So who are you? What are your deepest passions? What does your heart say? Ask God for help. He will always follow through. Listen intently and be ready for the truth to dramatically change your life. Find a close friend and walk through it with them. It will be great.
Wednesday, September 9, 2009
Tuesday, September 8, 2009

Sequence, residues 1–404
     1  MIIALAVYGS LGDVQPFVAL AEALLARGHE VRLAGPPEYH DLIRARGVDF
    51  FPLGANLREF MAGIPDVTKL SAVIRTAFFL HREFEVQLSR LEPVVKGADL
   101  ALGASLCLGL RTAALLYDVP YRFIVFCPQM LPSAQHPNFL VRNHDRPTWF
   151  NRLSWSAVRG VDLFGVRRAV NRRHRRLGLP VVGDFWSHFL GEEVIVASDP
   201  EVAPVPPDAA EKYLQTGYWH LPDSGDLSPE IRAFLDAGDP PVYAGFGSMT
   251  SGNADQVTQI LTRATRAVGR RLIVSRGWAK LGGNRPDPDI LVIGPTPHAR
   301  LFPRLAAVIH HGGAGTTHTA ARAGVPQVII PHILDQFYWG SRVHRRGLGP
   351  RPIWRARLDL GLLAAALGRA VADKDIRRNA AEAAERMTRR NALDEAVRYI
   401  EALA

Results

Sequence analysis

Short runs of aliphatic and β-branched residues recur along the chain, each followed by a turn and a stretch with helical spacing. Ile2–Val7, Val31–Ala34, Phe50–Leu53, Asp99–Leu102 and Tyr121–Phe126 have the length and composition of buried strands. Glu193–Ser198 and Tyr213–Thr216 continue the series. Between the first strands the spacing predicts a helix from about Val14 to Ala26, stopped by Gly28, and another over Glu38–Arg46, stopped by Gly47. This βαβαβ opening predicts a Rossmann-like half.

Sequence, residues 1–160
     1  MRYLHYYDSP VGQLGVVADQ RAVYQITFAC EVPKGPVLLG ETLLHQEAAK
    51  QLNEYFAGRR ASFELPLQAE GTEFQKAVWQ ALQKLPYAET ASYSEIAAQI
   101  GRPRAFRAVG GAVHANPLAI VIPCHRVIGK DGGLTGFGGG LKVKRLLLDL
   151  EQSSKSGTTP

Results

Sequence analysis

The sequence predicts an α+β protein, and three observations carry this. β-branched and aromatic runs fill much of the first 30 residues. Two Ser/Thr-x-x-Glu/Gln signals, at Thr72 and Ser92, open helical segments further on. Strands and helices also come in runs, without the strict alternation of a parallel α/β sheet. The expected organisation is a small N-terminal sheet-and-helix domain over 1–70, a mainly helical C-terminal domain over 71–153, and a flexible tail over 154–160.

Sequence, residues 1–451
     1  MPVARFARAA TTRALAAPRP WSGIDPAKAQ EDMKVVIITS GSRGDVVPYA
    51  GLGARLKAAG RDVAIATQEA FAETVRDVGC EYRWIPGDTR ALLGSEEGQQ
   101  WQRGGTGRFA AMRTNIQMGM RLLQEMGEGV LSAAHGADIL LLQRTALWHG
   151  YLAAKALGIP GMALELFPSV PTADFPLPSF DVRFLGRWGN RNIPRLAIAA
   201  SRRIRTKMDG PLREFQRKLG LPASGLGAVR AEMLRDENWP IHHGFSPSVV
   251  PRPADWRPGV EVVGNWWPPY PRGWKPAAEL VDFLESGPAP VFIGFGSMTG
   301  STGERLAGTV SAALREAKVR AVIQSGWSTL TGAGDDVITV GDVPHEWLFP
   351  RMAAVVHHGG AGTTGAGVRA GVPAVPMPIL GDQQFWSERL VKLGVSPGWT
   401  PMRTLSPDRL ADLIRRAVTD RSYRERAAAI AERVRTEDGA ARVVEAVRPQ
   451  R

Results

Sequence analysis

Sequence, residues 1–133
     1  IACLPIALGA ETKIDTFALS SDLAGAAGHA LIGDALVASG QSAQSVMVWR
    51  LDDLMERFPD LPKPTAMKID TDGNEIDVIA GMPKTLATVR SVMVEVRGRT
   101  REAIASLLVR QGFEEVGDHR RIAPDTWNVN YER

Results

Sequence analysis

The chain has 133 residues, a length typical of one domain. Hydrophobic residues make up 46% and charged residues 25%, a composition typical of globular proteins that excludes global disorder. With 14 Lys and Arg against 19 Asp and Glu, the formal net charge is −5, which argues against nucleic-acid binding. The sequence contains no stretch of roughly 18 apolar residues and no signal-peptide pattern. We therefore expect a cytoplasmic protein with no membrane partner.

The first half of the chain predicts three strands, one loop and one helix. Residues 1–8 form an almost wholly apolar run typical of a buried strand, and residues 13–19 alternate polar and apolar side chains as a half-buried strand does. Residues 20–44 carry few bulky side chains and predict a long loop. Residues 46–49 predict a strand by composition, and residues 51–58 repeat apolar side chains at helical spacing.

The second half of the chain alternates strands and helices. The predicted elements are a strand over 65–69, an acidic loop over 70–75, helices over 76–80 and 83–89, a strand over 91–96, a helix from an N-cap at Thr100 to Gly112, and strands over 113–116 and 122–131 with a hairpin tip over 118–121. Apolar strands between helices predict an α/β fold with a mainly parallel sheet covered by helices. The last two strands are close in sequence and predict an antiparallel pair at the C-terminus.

So…in light of the epic MAN TRIP ’09 I just took, I just had a couple thoughts I wanted to write on in this little bit of internet space I get to enjoy. I spend a lot of my time going up things, and coming back down, to put it simply. I bike up hills (which are somehow, pretty much my favorite and strongest aspect of cycling) and bike back down them. I ride ski lifts way up mountains, only to snowboard back down them. I hike to the heights of God’s creation, only to yet again venture back down. Suffice it to say, all of this brings to the front of my mind a nice analogy that I heard one time from Pastor Hagee I believe. He simply talked about how God created nature and he continues to point out that on mountain peaks we find no life- no vegetation (assuming the mountain is tall enough), but rather that we find lush abundance that we desire in the valleys by the riverbeds. His simple point? Life is found in the valleys. Growth is born there. While mountain top experiences carry a great significance to each and every one of us, you must readily admit that we are not meant to stay there and that without the growth found in the valleys leading up to it, it would not even be slightly the same. It is for this very reason that Paul advises us to rejoice in our sufferings and to remain joyful. God has great things in store for us, but often times we miss out on what is happening now, in our valleys, and sometimes miss out on our mountain top altogether.